• Cathédrale Saint-Gervais-et-Saint-Protais de Soissons is constructed in the style of Gothic architecture. The building of the south transept was begun about 1177, and the lowest courses of the choir in 1182. The choir with its original three-storey elevation and extremely tall clerestory was completed in 1211. This was earlier than Chartres, on which the design was supposed to have been based. Work then continued into the nave until the late 13th century.[5]
  • Abbey of Notre Dame – The former abbey of Notre Dame, former royal abbey, founded in the Merovingian era, famous for its rich treasure of relics, including the "shoe of the Virgin." The abbey was prestigious abbesses like Gisèle, sister of Charlemagne, or Catherine de Bourbon, aunt of Henry IV.
  • Saint-Médard Abbey – The Saint-Médard Abbey was a Benedictine monastery of Soissons whose foundation went back to the sixth century. Today, only the crypt remains.
  • Hôtel de ville – Since 1833 the city hall has been housed in a chateau built by architect Jean-François Advyné between 1772 and 1775 at the request of the Intendant Pelletier Mortefontaine on the site of a previous one belonging to the counts of Soissons.
  • Arsenal – Exhibition space in the arsenal of the former Abbey of St. Jean des Vignes
  • Passerelle des Anglais – The "Passerelle des Anglais" (literally: "Footbridge of the English") is a concrete footbridge over the Aisne in the center of the city. The original bridge was destroyed in 1914. It was rebuilt by British soldiers, after which it was known as the "Pont des Anglais" ("Bridge of the English"). Destroyed again during World War II, it was rebuilt in 1950 as a pedestrian bridge.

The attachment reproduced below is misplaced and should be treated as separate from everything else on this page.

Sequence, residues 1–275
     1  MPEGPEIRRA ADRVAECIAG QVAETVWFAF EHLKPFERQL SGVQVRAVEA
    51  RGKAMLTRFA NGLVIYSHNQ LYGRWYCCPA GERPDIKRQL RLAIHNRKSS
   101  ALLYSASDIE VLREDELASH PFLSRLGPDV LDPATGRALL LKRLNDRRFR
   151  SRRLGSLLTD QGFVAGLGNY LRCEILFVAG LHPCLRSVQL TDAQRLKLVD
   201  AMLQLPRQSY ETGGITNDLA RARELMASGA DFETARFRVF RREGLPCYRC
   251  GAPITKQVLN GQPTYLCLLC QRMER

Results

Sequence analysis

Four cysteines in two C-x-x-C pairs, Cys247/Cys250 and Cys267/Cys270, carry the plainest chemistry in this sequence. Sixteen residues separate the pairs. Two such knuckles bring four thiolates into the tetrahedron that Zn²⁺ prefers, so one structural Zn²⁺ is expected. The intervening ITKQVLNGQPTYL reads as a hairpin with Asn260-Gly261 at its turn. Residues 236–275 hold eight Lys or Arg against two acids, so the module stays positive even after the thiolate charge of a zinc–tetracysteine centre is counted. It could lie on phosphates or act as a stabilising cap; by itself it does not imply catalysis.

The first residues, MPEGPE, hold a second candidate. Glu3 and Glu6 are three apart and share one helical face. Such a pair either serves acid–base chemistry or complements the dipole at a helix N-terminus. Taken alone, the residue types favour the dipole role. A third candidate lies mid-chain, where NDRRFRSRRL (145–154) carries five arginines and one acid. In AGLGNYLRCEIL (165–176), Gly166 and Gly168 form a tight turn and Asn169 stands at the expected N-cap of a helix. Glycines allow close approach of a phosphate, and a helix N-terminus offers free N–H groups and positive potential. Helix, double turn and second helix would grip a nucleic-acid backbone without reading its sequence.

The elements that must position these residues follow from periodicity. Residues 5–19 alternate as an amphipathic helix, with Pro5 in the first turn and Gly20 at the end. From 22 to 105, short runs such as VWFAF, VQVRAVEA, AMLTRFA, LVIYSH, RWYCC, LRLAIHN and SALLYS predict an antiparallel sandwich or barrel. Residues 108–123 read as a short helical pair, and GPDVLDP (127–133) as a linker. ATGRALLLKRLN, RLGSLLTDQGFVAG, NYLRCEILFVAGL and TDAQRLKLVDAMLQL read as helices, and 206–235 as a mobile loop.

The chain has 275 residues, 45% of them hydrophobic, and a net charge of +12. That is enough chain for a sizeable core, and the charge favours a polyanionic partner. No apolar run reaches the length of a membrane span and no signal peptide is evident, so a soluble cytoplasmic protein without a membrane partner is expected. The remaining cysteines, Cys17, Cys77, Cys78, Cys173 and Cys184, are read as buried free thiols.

• The covered market – Built in 1908 by architect Albert-Désiré Guilbert (1866–1949)

Personalities

  • The actress Aurore Clément was born in Soissons in 1945.
  • The artist Emmanuel Fillion was born in Soissons in 1966.
  • The saints Crispin and Crispinian were martyred c. 286 at Soissons for preaching Christianity to the local Gauls.
  • The 6th century Burgundian king Guntram was born in Soissons around 532.
  • Jeanne Macherez (1852–1930), heroine during World War I; Mayor of Soissons

Population

Historical population
YearPop.±% p.a.
1793 7,675    
1800 7,229−0.85%
1806 8,126+1.97%
1821 7,765−0.30%
1831 8,149+0.48%
1836 8,424+0.67%
1841 9,152+1.67%
1846 10,143+2.08%
1851 9,477−1.35%
1856 7,875−3.64%
1861 10,208+5.33%
1866 11,099+1.69%
1872 10,404−1.07%
1876 11,089+1.61%
1881 11,112+0.04%
1886 11,850+1.29%
1891 12,074+0.38%
1896 12,373+0.49%
YearPop.±% p.a.
1901 13,240+1.36%
1906 14,334+1.60%
1911 14,458+0.17%
1921 14,391−0.05%
1926 17,865+4.42%
1931 18,705+0.92%
1936 20,090+1.44%
1946 18,174−1.00%
1954 20,484+1.51%
1962 23,150+1.54%
1968 25,890+1.88%
1975 30,009+2.13%
1982 30,213+0.10%
1990 29,829−0.16%
1999 29,453−0.14%
2007 28,471−0.42%
2012 28,309−0.11%
2017 28,530+0.16%
Source: EHESS[6] and INSEE (1968-2017)[7]

See also

  • Battle of Soissons
  • Communes of Aisne
  • Franks
  • List of Frankish kings
  • Merovingians
  • Suessiones
  • Vase of Soissons
  • Wolf of Soissons
  • Sessions (surname)

References

  1. "Populations légales 2018". INSEE. 28 December 2020.
  2. Chisholm, Hugh, ed. (1911). "Soissons" . Encyclopædia Britannica. 25 (11th ed.). Cambridge University Press. p. 352.
  3. Dierkens, Alain (1984). "Superstitions, christianisme et paganisma à la fin de l'epoque mérovingienne: A propos de l'Indiculus superstitionem et paganiarum". In Hervé Hasquin (ed.). Magie, sorcellerie, parapsychologie. Brussels: Éditions de l'Université de Bruxelles. pp. 9–26.
  4. "At Agincourt : Chapter XIX. Agincourt by G. A. Henty @ Classic Reader". classicreader.com. Retrieved 2010-06-07.
  5. John James, The Template-makers of the Paris Basin, Leura, 1989.
  6. Des villages de Cassini aux communes d'aujourd'hui: Commune data sheet Soissons, EHESS. (in French)
  7. Population en historique depuis 1968, INSEE
  •  This article incorporates text from a publication now in the public domain: Smith, William, ed. (1854–1857). Dictionary of Greek and Roman Geography. London: John Murray. Missing or empty |title= (help)